FIG. 39 is a cross-sectional view illustrating the configurations of deflection of three stylets further downstream from the position illustrated in FIG. 38;

FIG. 40 is a cross-sectional view illustrating the direction of the deployed stylets; FIG. 41 is a cross-sectional view illustrating the trocar of the present invention with relatively flat electrodes;

FIG. 42 is a cross-sectional view illustrating the employment of stylets in the embodiment of FIG. 41;

FIG. 43 is a cross-sectional view illustrating the employment of anchors in the embodiment of FIG. 41;

FIG. 44 is a cross-sectional view illustrating the position of the deployed anchor;

FIG. 45 is a cross-sectional view of an ablation trocar with square shaped stylets;

FIG. 46 is a cross-sectional view of a trocar with irregular shaped stylets; and

FIG. 47 is a schematic cross-sectional representation of low friction structure for advancing a stylet from the inventive trocar;

FIG. 48 is a perspective view of an alternative embodiment of the invention;

FIG. 49 is a cross-sectional view of the embodiment of FIG. 48;

FIG. 50 is a cross sectional view of an operator handle useful with the embodiment of FIG. 48 and of 49; and

FIG. 51 is a perspective view of still another alternative embodiment of the invention.

DETAILED DESCRIPTION OF THE BEST MODE

Hyperthermal treatment of tissues of the human body is well established. It has been used for hemostasis, destruction or ablation of tissues, tightening or shrinkage of various tissues and for other purposes. In accordance with the invention this and other methods for destruction of tissue may also be deployed, such as the delivery of laser light at high intensity levels, the use of conventional resistive heating elements, and other energy delivery devices which can be deployed within tissue. The source of heating may be varied and includes but is not limited to radiant heating, electrical current, radio frequency or microwaves, ultrasound and others.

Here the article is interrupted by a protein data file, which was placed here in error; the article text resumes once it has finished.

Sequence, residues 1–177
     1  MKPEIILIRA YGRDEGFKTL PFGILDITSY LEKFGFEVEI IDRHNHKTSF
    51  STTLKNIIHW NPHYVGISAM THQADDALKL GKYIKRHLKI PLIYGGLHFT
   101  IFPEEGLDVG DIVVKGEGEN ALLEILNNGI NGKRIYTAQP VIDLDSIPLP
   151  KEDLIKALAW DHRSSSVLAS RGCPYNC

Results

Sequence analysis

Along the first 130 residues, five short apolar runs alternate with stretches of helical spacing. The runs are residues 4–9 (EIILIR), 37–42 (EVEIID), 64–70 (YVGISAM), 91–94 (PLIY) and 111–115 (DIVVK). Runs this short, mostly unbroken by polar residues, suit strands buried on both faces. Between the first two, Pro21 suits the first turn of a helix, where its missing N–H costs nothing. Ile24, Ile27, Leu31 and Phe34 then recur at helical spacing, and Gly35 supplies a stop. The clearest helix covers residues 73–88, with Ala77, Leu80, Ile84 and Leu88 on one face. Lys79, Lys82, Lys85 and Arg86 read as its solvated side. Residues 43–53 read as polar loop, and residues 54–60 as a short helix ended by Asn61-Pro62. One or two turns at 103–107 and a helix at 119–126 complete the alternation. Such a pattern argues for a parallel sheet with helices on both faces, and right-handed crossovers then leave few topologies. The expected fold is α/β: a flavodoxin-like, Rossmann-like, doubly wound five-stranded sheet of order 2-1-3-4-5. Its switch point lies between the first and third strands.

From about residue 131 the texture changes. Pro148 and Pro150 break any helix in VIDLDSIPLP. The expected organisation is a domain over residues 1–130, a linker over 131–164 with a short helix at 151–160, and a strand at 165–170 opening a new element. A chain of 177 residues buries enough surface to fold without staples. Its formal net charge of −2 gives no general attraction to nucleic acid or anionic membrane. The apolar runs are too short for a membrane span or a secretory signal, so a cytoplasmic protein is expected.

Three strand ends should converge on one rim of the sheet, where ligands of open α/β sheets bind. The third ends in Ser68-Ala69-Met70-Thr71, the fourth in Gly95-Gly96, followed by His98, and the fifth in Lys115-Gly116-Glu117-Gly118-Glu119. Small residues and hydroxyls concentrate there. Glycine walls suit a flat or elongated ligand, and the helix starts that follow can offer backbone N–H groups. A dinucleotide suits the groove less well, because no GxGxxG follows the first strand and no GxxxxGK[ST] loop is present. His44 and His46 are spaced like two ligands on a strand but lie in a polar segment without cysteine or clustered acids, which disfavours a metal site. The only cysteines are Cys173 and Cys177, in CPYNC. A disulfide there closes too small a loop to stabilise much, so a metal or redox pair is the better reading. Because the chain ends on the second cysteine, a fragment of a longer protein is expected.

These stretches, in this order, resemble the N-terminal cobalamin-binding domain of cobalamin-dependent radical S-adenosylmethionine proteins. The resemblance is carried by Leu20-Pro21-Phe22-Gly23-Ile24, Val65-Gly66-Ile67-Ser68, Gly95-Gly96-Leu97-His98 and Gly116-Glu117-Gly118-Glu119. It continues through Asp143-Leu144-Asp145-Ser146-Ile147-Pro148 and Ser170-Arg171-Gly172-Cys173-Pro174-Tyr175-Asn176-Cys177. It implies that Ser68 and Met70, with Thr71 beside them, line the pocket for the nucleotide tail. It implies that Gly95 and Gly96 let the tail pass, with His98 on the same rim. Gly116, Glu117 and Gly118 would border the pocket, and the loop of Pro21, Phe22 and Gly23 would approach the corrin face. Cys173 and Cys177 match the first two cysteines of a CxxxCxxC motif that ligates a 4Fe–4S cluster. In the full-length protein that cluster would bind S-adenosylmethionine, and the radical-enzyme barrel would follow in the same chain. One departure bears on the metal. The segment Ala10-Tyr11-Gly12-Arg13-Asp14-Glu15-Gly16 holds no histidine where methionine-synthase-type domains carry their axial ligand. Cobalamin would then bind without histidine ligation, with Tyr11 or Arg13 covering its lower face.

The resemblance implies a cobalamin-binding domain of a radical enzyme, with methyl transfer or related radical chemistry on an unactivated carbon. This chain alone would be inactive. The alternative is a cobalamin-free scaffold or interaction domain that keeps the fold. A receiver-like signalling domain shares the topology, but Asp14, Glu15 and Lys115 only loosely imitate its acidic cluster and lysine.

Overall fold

A number of methodologies utilize radio frequency heating of tissues for ablation or shrinkage by the application of the energy to the tissues through specialized delivery devices. These devices often have electrodes or antenna that are placed into, or onto, the tissue to be treated. Some of these systems incorporate monitors that can provide feedback to the operator, or the device system itself, as to the progress of the treatment. This may be in the form of a readout of the temperature of various parts of the tissue, how much and over what time the energy is being delivered, or a feedback control system to the energy generator itself to control the delivery of energy to the tissue. Often the desired result is the heating of the tissue as quickly and uniformly as possible to destroy the target tissue without charring of target tissue or necrosis of tissue which is not being targeted. Charring of target tissue interferes with a uniform and predictable heating of the target tissue.

In accordance with the invention energy delivery devices are provided which are adapted to the destruction of target tissue at the site where the electrodes are located. Accordingly, the operator can deliver the treatment safely and effectively. One such target tissue for the devices of the present invention is a uterine fibroid. A physician may wish to place an energy delivery device to deliver energy such as radiofrequency current (RF) into the mass of the fibroid in order to cause it to shrink and become less symptomatic to the patient.